Archbishop Gomez: I think it starts with the personal encounter with Jesus Christ. Otherwise, you are wasting your time and efforts, because you do not know what they are for. You do not recognize or know what or who He is. It is analogous to the experience of the Apostles. Before their encounter with Jesus, they asked themselves who He was and what He was doing? But they desired having this personal encounter with Jesus, this Kerygma experience, that encounter with God. Jesus Himself gave everything for us, to the point of giving His life, up until the Crucifixion. We are supposed to be imitating our Lord Jesus Christ. So, this challenge is for us too, to sacrifice and give ourselves similarly, to really know Jesus, because that is what our Catholic faith is all about. It is not about the bishops or only fulfilling regulations or goals, it is about Jesus Christ. I think it is about our example, how we do things, how we attract or inspire these young people to pursue that personal encounter with Jesus Christ. From there, it is up to Jesus.
ZENIT: What are some practical recommendations that you would give to young people who would like to get to know Jesus better, to know the faith, in their daily lives?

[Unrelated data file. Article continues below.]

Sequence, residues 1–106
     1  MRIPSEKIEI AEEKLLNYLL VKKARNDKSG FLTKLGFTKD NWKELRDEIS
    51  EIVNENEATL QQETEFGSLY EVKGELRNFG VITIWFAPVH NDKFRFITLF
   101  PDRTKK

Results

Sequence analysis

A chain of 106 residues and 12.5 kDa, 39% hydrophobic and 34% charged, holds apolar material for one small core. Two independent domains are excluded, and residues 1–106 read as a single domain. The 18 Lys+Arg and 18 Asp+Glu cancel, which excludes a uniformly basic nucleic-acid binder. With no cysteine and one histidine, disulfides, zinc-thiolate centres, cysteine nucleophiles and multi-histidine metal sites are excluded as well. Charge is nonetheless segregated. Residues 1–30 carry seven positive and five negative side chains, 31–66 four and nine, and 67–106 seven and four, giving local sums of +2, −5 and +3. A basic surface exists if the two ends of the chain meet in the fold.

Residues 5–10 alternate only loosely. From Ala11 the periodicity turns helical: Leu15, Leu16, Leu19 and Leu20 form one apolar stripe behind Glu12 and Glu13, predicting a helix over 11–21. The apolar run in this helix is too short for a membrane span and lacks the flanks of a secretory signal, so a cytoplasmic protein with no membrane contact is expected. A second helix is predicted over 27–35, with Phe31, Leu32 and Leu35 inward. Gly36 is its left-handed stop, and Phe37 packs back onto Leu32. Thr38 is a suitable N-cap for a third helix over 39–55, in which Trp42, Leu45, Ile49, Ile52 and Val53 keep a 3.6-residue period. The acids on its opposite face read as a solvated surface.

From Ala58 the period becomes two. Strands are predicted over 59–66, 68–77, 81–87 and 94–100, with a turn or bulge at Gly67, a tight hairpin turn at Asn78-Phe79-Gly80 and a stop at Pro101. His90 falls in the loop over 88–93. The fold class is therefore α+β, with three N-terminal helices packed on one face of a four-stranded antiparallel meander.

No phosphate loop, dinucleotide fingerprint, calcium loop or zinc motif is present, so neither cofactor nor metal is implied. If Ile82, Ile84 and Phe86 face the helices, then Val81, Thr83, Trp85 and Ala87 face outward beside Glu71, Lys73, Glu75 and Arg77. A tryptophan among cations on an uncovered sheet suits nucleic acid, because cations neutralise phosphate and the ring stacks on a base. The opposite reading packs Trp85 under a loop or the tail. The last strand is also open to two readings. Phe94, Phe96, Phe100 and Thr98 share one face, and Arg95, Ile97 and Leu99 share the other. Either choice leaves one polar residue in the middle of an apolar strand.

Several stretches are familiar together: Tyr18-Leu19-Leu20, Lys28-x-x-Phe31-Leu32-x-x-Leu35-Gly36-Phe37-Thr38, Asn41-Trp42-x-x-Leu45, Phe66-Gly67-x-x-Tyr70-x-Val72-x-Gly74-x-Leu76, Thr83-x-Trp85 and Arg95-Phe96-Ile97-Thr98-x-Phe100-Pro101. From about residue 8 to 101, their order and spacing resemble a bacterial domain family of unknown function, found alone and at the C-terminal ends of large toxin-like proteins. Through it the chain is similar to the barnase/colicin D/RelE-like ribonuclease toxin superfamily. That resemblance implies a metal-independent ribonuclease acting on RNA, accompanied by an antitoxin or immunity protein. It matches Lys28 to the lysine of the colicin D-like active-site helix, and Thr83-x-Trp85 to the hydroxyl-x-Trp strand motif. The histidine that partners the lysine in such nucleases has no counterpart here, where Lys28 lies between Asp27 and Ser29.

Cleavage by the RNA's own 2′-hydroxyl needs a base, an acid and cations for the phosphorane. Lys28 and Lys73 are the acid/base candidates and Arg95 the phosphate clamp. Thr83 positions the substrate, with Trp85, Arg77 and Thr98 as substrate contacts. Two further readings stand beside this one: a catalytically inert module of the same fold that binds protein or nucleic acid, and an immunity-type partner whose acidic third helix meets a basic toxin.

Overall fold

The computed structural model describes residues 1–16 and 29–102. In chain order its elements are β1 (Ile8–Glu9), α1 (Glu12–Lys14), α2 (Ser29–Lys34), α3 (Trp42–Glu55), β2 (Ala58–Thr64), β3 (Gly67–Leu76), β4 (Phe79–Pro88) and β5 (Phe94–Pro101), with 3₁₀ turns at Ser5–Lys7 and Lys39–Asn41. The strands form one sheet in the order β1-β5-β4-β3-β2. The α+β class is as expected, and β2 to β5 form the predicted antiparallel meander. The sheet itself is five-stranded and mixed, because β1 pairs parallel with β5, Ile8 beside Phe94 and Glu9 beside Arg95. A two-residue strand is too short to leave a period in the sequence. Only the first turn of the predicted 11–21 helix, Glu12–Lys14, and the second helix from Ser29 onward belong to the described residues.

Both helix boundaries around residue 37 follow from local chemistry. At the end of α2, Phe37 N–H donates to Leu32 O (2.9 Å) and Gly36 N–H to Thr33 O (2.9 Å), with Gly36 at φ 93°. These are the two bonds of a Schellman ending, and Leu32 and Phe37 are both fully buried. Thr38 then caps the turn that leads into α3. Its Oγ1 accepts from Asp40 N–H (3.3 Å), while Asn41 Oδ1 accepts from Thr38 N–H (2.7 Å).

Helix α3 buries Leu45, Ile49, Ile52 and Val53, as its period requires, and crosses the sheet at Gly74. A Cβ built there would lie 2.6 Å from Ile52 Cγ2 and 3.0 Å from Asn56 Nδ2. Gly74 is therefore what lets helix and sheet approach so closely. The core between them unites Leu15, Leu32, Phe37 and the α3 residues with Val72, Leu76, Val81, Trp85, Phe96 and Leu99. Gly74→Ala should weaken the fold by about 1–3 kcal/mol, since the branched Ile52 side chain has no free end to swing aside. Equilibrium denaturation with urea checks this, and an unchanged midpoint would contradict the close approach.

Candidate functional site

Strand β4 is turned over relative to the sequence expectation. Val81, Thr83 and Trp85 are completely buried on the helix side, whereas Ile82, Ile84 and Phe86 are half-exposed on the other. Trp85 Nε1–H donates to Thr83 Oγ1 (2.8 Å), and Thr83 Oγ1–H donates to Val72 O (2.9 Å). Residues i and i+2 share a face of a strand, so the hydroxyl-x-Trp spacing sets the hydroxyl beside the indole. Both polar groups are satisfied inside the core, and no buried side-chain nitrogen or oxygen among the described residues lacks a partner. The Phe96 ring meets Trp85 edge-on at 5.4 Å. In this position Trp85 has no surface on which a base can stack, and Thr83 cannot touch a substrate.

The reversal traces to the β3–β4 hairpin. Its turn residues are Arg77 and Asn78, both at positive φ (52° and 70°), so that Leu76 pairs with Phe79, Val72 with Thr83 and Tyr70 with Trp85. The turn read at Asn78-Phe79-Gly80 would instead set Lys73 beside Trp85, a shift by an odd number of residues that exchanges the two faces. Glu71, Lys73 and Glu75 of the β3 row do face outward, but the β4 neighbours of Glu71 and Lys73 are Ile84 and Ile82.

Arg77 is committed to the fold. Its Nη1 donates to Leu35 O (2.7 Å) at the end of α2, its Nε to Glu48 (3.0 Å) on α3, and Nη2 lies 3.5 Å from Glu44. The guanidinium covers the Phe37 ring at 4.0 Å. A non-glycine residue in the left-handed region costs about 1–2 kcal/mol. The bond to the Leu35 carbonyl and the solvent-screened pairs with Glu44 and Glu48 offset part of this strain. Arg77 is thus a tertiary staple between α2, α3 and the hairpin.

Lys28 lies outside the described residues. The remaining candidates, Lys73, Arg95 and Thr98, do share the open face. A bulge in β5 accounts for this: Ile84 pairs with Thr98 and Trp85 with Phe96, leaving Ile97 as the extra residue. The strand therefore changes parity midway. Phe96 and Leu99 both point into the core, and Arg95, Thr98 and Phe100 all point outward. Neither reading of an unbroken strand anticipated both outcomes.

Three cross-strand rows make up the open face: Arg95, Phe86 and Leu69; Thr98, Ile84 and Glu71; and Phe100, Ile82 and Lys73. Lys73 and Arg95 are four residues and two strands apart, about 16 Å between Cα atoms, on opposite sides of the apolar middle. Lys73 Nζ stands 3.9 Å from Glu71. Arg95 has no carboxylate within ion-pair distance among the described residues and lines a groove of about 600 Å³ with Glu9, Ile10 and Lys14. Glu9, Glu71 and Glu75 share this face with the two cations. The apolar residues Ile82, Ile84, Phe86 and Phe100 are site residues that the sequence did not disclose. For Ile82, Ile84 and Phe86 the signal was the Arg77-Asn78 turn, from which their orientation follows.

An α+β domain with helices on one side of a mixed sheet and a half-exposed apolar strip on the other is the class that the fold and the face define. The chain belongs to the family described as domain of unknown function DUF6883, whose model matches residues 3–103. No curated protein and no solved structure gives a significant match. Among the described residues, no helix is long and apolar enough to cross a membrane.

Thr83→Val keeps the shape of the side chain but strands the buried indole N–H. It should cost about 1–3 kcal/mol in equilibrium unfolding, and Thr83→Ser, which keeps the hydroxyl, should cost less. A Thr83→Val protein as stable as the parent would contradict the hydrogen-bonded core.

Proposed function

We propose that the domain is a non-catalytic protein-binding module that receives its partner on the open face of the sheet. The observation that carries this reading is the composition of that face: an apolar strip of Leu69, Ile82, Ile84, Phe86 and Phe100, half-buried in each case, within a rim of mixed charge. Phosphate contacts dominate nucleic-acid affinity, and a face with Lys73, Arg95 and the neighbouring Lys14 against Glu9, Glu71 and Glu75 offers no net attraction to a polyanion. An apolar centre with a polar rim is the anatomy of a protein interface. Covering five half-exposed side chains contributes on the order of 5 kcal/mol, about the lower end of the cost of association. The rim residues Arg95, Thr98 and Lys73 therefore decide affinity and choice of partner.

Archbishop Gomez: The things are I always recommend are: first, prayer: talking to God and listening to God. Because I know that sometimes it is difficult for these young people to understand that God is present in our lives all the time. But that is the truth. We were created by God, with the generosity and love of our parents. But God is the one who keeps us alive. He knows everything and is interested in us and every aspect of our lives. Second, read the Gospel. It is important to read the life of Jesus because Christianity is about Jesus Christ. It makes sense we get to know Him. Just like many people are interested in knowing all about celebrities or sports figures, or important people in our lives, it makes sense to get to know He who matters most: Jesus. Third, Holy Communion, because in Holy Communion we receive God himself. Young people have an incredible devotion for the Eucharist. I have seen it in Los Angeles, how important it is for them, to have the exposition of the Blessed Sacrament. With all these events that we have for young people in the Archdiocese, like our OneLifeLA family festival, our City of Saints celebration, and our program, Christian Service 4 Life, we have exposition of the Blessed Sacrament. It is beautiful to see how these young people are attracted to the presence of Jesus in the Eucharist. Prayer, the Gospels and the Eucharist, are essential. Then obviously one must serve people, because it is not just about ourselves, but about making life better for others.
ZENIT: During this Synod was the 40th anniversary of the First Mass of St. John Paul II, and his feast day. He was loved by millions of young people, and was also explicit and clear about Church teaching. How can he be a model for the Church today?